Kathimerini Greece Newsroom
The readiness to activate contingency plans for the evacuation of US nationals from Israel and Lebanon is the primary reason that a large number of US military transport aircraft have been transferred to Crete Air Base at Souda Bay in recent days.
A similar role, albeit significantly limited, will be played by the 112 Combat Wing in Elefsina. Aircraft that have landed in recent days include large C-17 transport aircraft, C-130 special operations aircraft, KC-135 flying tankers, P-8 Poseidon naval operations aircraft and electronic warfare aircraft. The aircraft have landed in Greece from various bases in Europe (Italy, Germany, UK) and their main purpose is to be on standby in case the plan to remove some of the estimated 600,000 American citizens living in Israel and Lebanon is activated.
The plan came to light via a Washington Post report, but it appears that the objective of the US presence in the region is not exclusively linked to the possible evacuation of citizens from the countries of the Eastern Mediterranean.
The significant increase in America’s air power presence in Greece is linked to existing provisions under the Mutual Defense Cooperation Agreement (MDCA), whereby the US uses some bases as it sees fit and the requests for temporary parking of C-130s at Elefsina Air Base.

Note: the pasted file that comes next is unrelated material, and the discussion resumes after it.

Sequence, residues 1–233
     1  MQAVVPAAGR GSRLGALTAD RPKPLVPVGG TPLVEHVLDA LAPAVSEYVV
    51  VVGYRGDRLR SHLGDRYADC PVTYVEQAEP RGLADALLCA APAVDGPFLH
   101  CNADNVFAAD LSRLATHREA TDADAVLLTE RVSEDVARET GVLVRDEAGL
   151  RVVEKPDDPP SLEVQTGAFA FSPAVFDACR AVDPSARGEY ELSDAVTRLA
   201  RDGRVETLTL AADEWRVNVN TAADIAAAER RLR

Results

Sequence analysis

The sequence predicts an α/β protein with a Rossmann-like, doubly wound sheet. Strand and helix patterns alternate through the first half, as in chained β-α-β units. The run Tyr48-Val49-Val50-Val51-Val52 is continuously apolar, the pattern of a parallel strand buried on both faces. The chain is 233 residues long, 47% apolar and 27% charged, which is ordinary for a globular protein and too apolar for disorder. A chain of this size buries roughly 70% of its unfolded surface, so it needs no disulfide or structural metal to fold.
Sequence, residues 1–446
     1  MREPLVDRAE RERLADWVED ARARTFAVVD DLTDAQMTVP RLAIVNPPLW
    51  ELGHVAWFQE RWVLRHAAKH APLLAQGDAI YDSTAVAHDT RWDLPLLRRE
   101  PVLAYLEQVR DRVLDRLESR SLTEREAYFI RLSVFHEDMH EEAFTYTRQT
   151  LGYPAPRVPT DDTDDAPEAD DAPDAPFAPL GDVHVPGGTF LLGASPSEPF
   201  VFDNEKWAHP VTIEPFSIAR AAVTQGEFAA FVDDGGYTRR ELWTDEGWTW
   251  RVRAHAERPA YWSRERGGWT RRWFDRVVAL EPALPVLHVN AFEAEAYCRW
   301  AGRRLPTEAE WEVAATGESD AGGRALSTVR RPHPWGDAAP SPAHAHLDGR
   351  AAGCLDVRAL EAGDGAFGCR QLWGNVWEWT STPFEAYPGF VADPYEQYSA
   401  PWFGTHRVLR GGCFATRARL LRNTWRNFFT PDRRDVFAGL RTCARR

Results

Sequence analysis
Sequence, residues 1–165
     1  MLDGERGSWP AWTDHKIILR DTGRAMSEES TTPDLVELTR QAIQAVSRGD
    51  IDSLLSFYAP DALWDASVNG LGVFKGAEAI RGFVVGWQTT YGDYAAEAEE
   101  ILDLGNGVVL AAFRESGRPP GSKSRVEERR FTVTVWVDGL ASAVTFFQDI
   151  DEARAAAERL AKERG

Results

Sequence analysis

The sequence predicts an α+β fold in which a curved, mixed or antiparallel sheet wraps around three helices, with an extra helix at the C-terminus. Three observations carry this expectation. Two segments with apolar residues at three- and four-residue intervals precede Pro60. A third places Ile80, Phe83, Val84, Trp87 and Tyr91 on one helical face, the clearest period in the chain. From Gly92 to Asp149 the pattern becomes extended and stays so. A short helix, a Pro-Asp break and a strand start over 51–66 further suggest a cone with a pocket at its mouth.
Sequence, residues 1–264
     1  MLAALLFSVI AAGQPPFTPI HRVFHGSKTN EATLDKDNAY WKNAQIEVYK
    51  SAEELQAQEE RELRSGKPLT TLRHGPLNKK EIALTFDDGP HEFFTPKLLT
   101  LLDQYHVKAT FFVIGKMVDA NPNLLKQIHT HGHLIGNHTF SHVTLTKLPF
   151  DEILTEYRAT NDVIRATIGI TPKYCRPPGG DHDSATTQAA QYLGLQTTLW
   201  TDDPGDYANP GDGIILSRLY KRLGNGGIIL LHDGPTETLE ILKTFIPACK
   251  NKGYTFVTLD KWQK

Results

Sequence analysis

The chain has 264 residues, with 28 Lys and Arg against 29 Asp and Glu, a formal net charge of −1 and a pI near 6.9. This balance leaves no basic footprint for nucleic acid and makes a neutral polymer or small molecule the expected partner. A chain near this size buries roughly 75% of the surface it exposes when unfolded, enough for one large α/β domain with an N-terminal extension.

Things are different at the Souda air base, where a substantial portion of the airfield has virtually been given over to the sole use of the US Air Force. The presence of several US Navy oil tankers in the Eastern Mediterranean, as well as the stationing of flying tankers at Crete Air Base, indicates the planning of prolonged and combined air operations in anticipation of the arrival of the second US aircraft carrier in the region, as well as the Task Force’s accompanying destroyers, cruisers and submarines.
The increased confidence shown by Washington in Athens coincides with the US effort not to use the very important bases it has in Turkey (such as Incirlik), which is even closer to the potential theater of operations in Israel, Lebanon and Syria.
The use of bases in Greece, but also in states on the Arab periphery of the region where the crisis is unfolding (Saudi Arabia, Kuwait, Jordan, Iraq, the United Arab Emirates, and Qatar) is seen by some analysts as evidence of a long-standing lack of trust in US-Turkish relations, despite the State Department’s avoidance of hints against Ankara.